Five Tips to Help You Lower Your Property Taxes
Property taxes are an unavoidable cost of homeownership, but there are ways to make sure that your annual property tax bill is as low as possible. With the help of these five tips to help you lower your property taxes, you’ll be able to keep more money in your pocket each year without a big investment of time or money on your part.
Don’t Guess, Get an Inspection
If you are planning on putting your house up for sale, it is wise to get an inspection first. For example, a building inspector can be used as pool tax help when trying to find a major problem that is causing water damage inside of your home. The damage could be dangerous and cost you thousands in repairs if it was not found until after you had sold your house. If a large amount of foundation issues were uncovered, you might have been able to haggle with a potential buyer on price or convince them not to buy altogether. Finding these things now means that any problems can be fixed before they snowball into a costly process. Once everything has been inspected and confirmed safe, go ahead and put your house up for sale.
If you’re planning a party for July 4th, you may want to make sure your local government is aware. Schedule it with them in advance. That way, they can take into account any events that will increase traffic flow and adjust accordingly. The same goes for trash collection; if you need a special day (for instance, your party), put it on their schedule ahead of time so they can plan their routes appropriately. Reduce Pool Taxes: One thing that varies widely across regions is property taxes.
Know What You Can Deduct
Many homeowners don’t know about all of their property tax deductions. Find out if you qualify for any additional exemptions or deductions that can help lower your taxes. This could include anything from an exemption if you live on a farm, to disabled person and senior citizen status, which allow you to deduct a larger portion of your property taxes. If you’re eligible for any exemptions or deductions that aren’t currently being applied, you can save yourself hundreds of dollars in annual property taxes. Another important deduction is making sure your school district has properly certified your homestead status so that you can avoid having pool taxes placed on your home, which reduces your tax break by increasing the overall tax rate for everyone in town.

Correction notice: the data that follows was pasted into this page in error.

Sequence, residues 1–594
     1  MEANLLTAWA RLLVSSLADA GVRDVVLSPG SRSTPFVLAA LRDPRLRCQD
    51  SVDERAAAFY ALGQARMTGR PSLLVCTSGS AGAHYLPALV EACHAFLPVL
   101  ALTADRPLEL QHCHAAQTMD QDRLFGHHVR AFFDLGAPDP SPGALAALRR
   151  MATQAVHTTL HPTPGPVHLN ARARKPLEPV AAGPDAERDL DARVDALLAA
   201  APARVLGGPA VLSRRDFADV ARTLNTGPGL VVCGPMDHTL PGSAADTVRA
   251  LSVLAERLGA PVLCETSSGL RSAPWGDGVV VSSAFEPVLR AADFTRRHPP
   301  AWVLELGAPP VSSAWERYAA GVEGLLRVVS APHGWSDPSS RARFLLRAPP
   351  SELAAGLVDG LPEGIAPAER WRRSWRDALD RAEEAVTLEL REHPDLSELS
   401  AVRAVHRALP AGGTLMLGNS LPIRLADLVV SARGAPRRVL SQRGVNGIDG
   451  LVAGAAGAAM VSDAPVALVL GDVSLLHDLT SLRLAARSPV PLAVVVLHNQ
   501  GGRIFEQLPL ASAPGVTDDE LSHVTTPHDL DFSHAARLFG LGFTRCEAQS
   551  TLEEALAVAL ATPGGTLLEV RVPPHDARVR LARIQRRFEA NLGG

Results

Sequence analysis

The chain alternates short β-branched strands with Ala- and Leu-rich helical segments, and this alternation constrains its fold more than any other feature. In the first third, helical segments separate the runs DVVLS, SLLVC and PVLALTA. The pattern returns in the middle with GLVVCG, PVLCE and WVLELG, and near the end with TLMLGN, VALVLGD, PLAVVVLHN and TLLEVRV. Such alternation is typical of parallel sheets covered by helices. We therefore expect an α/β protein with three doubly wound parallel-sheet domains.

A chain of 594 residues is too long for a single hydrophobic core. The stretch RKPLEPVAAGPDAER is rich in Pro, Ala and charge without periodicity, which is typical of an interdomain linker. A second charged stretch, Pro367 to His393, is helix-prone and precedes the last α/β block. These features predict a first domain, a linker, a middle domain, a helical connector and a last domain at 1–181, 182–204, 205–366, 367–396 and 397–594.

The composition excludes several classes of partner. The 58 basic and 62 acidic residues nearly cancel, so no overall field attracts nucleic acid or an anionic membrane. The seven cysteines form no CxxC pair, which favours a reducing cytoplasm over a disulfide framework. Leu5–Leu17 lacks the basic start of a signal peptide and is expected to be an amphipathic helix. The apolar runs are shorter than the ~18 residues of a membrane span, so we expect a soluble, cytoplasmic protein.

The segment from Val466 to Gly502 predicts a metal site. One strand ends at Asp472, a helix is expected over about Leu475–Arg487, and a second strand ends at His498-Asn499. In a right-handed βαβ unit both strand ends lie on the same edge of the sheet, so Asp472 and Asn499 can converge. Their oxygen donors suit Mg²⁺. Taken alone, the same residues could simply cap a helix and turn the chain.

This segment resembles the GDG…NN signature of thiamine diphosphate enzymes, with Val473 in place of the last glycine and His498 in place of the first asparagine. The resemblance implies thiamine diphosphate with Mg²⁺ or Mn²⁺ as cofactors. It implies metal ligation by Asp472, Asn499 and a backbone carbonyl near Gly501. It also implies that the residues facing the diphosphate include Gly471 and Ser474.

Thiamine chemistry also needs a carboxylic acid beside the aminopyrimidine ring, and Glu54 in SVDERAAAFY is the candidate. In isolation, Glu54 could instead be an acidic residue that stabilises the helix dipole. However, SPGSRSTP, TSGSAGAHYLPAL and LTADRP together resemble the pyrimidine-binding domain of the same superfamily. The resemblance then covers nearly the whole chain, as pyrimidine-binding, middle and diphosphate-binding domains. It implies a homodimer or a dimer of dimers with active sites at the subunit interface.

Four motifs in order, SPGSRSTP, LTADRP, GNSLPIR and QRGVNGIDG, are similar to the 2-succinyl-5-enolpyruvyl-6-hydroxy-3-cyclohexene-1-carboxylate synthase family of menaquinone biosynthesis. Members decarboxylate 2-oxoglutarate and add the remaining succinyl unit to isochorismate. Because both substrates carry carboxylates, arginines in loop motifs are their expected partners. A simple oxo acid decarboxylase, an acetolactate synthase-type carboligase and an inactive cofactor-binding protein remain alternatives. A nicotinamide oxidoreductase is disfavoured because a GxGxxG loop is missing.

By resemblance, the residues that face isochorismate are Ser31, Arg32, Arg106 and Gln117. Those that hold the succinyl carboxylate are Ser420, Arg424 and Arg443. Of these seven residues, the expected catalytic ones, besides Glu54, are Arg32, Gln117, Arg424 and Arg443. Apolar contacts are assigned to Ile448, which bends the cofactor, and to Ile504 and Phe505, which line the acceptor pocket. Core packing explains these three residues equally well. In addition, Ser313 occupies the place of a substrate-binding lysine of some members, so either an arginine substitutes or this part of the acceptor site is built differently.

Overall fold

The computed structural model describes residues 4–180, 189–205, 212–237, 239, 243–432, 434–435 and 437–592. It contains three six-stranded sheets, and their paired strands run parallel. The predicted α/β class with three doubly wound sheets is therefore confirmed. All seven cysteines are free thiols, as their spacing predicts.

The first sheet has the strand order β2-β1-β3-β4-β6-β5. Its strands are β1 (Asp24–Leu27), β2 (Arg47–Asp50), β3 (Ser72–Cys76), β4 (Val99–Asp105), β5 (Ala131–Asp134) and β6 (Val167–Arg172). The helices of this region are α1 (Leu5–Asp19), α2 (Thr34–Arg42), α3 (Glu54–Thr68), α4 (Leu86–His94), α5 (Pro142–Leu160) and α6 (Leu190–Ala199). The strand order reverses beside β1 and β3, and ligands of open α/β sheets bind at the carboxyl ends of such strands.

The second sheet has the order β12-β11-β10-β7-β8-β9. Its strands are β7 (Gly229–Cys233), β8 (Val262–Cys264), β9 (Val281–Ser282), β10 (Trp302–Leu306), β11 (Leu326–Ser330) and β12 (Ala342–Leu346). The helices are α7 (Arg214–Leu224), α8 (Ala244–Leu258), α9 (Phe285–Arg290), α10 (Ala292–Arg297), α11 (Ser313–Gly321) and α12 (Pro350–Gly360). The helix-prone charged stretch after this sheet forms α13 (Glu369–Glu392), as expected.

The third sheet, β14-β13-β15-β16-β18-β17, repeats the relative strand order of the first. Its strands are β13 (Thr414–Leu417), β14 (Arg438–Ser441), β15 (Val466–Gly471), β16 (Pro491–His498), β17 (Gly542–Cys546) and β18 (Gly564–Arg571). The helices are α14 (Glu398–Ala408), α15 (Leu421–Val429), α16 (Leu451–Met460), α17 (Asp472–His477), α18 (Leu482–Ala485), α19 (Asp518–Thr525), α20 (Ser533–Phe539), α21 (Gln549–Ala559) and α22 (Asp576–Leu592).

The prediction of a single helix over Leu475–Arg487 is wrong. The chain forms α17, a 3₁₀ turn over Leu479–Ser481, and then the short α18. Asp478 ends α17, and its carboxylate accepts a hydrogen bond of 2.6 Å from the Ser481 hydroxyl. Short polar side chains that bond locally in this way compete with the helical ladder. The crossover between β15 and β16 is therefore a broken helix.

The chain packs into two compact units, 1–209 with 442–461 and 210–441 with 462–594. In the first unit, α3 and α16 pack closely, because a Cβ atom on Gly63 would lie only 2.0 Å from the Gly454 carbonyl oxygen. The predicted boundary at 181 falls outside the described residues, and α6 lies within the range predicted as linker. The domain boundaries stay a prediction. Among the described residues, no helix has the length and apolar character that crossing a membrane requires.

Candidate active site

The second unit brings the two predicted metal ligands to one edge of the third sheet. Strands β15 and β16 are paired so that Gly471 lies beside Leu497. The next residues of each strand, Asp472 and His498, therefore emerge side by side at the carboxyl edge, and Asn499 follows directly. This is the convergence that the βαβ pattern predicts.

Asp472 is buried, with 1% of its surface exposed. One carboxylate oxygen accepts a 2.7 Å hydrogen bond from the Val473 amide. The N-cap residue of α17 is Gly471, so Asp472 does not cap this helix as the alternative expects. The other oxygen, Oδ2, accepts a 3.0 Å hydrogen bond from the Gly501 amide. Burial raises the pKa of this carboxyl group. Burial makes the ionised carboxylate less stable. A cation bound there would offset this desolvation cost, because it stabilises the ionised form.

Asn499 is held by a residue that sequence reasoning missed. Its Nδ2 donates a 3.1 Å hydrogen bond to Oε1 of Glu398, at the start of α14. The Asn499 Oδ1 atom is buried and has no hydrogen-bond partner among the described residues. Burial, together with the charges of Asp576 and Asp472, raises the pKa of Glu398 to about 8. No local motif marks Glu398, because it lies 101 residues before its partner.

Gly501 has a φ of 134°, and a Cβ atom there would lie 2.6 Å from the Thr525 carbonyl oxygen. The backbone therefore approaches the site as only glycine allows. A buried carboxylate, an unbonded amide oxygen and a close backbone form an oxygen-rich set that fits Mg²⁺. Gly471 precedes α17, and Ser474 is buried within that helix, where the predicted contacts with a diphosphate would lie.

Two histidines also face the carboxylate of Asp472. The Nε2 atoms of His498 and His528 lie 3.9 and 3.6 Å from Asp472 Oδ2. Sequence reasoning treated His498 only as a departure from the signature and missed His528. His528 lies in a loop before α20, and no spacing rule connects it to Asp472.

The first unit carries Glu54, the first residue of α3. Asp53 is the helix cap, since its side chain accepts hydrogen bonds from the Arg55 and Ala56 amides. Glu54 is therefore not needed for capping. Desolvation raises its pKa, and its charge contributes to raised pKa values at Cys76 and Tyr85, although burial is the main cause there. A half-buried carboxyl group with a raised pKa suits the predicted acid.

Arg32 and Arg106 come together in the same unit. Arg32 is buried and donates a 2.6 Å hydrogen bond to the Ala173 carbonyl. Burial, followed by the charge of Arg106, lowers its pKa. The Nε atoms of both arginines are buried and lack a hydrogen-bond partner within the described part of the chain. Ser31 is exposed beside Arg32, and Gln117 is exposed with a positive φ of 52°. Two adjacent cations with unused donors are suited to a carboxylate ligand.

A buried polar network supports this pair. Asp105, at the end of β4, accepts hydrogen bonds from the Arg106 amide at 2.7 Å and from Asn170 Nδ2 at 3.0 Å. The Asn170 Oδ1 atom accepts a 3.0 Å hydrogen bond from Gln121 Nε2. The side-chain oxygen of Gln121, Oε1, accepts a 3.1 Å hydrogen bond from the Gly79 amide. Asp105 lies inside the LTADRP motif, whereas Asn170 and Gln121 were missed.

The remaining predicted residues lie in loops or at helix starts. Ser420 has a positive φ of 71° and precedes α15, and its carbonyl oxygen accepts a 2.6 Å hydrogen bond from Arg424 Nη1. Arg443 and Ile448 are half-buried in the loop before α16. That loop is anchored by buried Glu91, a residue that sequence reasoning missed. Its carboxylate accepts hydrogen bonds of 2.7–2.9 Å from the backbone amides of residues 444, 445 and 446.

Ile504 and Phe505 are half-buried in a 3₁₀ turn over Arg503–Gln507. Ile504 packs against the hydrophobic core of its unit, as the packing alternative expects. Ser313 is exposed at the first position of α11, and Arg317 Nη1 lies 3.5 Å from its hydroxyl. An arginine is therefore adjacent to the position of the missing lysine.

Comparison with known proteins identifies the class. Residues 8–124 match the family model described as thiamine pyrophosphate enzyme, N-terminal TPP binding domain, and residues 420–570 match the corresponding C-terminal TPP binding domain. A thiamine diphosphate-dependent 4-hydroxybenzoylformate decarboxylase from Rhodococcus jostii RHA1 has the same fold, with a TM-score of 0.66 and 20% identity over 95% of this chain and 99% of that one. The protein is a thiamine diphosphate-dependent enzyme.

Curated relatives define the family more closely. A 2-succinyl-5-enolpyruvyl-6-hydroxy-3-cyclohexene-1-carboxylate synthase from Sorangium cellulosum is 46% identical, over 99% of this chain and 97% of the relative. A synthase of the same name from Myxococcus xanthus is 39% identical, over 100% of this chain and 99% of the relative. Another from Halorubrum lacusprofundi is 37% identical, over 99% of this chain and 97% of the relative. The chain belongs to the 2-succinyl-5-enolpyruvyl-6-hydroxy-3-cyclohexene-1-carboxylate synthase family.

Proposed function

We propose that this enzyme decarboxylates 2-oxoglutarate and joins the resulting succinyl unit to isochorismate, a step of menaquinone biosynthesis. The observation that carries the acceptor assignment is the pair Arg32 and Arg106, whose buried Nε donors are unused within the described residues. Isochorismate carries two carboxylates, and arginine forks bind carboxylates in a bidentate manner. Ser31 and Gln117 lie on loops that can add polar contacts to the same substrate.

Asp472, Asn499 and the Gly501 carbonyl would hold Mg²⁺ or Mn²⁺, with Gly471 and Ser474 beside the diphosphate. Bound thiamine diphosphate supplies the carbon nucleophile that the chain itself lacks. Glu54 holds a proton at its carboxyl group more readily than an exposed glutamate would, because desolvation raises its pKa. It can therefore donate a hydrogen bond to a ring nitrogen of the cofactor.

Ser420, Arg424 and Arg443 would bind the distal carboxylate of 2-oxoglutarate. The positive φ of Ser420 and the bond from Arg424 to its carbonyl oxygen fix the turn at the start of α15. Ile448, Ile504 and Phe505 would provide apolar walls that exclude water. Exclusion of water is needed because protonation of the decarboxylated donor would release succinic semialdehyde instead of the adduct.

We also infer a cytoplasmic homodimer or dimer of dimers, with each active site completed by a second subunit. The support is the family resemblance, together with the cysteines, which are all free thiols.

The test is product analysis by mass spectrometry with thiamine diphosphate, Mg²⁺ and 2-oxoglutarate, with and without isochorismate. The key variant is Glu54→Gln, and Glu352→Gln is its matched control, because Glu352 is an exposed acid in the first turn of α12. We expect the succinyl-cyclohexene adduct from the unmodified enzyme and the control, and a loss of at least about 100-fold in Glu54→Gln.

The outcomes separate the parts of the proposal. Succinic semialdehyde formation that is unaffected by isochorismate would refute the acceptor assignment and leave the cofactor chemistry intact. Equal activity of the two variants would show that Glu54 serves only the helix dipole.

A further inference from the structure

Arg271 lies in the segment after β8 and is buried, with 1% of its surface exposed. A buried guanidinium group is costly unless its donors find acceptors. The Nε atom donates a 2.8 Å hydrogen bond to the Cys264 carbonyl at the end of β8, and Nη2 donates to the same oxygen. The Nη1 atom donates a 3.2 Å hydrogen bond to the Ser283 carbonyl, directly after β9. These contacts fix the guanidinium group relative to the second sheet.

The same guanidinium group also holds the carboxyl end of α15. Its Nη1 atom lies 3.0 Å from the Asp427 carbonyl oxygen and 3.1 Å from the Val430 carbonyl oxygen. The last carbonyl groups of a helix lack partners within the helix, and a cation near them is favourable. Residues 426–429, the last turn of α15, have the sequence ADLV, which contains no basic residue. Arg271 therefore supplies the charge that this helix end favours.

Know What’s Listed on Assessed Value
While most property taxes are based on assessed value, it’s important that you know what your state considers market value. In most cases, market value is determined by averaging out comparable homes in your area. You can find out what properties have sold for in your neighborhood by checking county records or even by calling neighbors who may have put their home up for sale recently. If a neighbor doesn’t mind sharing that information, it can be helpful—and surprisingly valuable—to know how much other homeowners in your community paid for similar houses and how high their taxes were as a result.
Do Your Homework (Or Have a CPA Do It For You)
If you’re a homeowner, chances are you’ve got a line item in your annual budget called property taxes. When that tax bill arrives every year, chances are it feels like too much. Most of us don’t know how our property taxes were calculated and, even if we did know exactly what caused our rate to increase so steeply one year versus another, we wouldn’t have a good way of understanding what actually goes into calculating them. Make sure you do your homework and understand how your property tax bill is calculated by speaking with local government officials or contacting an accountant for advice.
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